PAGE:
Rodrigo Flores-Roux (l.) and Carlos Huber

Sr. Flores-Roux told me that he and Sr. Huber had agreed that they wanted to continue the collection’s focus on the indigenous botany of Mexico. This is apt because Sr. Flores-Roux was in school studying that subject when he was called away to begin his perfume career. When speaking with him he mentioned that along with Azahares and Magnolios from the first trio; Limoneros and Guayabos add to the “tree stories” they are trying to tell. The thought was to go into these two new perfumes focusing on the Mexican version of lemon and guava respectively.

When I first tried Limoneros I was strongly reminded of a lemon-lime soda I grew up with in S. Florida. I can’t find the name, but this was not Sprite or 7-Up it was a Cuban version. It was much tarter with an ebullient effervescence. I just described Limoneros to you. Sr. Flores-Roux was also inspired by a lemon-lime soda of his youth in Mexico. When his family would visit Acapulco there the soda the kids drank was called Yoli. Made of the Mexican limon it is not the traditional Italian lemon most Americans know. It is a lemon which is closer to lime. Srs. Huber and Flores-Roux wanted Limoneros to be the smell of squeezing that Mexican limon, into your bottle of beer or over your fish taco, on your hand. Along the way a bit of the Yoli inspiration found its way into the final Eau Fraiche composition.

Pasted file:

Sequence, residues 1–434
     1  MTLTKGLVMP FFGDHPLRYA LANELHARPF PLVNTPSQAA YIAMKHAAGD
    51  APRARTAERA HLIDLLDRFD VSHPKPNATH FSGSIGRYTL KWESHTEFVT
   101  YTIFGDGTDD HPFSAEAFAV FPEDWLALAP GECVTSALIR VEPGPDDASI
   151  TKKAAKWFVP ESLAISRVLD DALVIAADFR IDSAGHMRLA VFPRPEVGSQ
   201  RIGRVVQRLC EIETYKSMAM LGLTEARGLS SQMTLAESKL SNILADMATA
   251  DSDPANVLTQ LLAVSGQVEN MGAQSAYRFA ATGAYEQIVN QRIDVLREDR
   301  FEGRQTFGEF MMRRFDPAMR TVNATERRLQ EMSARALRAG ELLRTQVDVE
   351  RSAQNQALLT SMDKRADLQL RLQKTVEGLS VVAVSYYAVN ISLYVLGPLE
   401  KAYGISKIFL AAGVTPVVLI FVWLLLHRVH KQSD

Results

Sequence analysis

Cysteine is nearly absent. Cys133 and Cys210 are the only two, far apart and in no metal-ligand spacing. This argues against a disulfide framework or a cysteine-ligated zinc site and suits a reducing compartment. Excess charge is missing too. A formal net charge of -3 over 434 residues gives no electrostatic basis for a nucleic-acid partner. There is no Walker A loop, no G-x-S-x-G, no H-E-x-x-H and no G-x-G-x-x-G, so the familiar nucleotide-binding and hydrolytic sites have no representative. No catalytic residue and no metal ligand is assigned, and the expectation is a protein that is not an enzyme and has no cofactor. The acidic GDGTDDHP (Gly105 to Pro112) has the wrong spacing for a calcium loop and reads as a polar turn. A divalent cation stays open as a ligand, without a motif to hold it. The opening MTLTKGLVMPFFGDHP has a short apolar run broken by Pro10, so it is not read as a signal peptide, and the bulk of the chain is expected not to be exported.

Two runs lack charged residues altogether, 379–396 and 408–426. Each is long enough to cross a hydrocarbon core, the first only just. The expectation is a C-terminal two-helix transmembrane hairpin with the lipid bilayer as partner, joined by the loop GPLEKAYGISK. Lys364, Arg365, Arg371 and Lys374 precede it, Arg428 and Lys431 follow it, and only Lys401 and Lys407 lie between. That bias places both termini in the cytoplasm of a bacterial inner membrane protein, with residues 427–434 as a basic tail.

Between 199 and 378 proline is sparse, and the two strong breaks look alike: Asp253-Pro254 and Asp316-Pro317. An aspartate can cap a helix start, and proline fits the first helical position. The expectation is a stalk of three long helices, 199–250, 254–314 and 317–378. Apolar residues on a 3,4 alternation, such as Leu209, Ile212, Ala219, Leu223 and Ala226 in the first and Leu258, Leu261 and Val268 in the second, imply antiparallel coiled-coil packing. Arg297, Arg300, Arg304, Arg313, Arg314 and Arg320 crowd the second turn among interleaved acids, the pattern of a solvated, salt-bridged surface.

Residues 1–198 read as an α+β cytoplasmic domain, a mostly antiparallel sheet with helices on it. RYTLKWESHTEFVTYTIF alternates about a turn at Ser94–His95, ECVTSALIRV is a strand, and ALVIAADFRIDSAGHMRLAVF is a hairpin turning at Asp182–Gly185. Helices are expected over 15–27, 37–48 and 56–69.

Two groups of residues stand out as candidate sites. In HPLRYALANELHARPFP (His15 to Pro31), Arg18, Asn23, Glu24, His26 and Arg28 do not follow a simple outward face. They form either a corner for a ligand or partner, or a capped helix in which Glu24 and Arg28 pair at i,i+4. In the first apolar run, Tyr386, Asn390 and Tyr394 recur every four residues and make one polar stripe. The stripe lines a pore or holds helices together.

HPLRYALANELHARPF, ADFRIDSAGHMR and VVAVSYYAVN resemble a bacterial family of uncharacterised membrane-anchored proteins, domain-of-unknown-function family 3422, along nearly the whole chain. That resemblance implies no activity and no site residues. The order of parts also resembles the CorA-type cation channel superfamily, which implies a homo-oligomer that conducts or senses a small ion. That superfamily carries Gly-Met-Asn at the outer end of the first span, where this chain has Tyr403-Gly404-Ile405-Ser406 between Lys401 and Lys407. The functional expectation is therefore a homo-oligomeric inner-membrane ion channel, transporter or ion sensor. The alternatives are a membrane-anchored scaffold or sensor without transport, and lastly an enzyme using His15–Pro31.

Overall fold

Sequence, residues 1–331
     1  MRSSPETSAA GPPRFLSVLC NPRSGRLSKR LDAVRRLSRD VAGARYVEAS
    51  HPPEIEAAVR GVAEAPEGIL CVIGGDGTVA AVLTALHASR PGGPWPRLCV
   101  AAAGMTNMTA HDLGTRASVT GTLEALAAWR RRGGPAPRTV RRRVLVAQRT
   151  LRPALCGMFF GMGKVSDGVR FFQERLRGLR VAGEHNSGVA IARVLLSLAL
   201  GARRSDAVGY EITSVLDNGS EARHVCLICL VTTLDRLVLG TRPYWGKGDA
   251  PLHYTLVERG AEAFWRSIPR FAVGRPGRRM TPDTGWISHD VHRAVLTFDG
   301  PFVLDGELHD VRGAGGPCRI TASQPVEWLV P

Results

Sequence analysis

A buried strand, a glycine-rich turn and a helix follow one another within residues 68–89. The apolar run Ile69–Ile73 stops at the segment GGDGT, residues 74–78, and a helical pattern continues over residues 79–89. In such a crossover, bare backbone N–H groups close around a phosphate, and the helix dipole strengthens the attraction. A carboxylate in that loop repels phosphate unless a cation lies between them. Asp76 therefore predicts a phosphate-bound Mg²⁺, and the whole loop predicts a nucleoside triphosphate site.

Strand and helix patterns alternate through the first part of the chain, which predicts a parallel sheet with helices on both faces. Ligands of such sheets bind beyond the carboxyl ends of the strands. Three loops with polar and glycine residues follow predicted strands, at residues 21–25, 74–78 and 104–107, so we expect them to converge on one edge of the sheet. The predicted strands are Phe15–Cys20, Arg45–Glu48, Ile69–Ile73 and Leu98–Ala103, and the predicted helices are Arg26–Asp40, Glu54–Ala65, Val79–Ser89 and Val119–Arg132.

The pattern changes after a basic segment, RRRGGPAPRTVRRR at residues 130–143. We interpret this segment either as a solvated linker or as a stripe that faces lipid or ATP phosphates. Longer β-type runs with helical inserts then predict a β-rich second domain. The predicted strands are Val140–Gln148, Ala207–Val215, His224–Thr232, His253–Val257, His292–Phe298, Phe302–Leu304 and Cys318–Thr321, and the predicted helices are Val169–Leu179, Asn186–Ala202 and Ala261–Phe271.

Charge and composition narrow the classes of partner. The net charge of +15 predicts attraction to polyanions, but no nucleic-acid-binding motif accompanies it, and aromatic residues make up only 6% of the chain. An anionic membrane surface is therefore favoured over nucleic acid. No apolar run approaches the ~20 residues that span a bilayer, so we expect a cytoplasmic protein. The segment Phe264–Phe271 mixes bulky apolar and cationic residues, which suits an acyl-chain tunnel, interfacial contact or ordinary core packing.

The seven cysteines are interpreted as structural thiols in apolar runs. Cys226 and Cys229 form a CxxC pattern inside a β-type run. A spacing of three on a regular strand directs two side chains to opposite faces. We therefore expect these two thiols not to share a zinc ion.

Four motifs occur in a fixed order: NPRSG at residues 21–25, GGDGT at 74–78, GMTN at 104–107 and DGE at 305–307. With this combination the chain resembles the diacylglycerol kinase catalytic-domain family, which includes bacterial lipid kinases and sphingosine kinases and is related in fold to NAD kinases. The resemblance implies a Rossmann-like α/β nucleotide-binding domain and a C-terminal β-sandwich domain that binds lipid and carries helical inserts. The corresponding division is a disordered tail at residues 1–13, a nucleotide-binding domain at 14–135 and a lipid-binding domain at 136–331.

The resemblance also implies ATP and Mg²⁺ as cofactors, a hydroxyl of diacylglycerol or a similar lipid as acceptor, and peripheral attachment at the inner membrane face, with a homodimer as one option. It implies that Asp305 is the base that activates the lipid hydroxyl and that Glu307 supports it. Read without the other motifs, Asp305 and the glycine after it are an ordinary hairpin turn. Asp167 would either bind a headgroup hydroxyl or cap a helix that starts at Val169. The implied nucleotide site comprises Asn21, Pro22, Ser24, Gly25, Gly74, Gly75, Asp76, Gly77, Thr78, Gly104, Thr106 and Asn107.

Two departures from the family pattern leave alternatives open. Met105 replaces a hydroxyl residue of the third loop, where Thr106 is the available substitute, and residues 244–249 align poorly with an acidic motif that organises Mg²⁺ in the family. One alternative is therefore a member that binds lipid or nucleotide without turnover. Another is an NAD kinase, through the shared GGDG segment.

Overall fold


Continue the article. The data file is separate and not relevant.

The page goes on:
That Mexican limon is what greets you straightaway. It is tarter than typical lemon in a perfume. There is a significant green quality added in. Cardamom is part of the formula of Yoli soda and it finds its way in the top accord of Limoneros. This captures the smell of freshly squeezed limon on my fingers. Then via the use of ginger a kind of effervescence bubbles up from underneath the limon accord. Right here is where Limoneros most closely resembles Yoli. It is full of life. It rests on a light summery base of vetiver, patchouli, and iris.

One of the great things about Sr. Huber is he knows when Sr. Flores-Roux is inspired and needs to just be left to his own devices. Such was the case for Guayabos. Sr. Flores-Roux returns to his childhood where ripe guava was in his house. He very much wanted to capture that for Guayabos. To accomplish that he undertook headspace analysis of green guava, ripe guava, and guava blossom. This would lead to three sources of guava in the final version.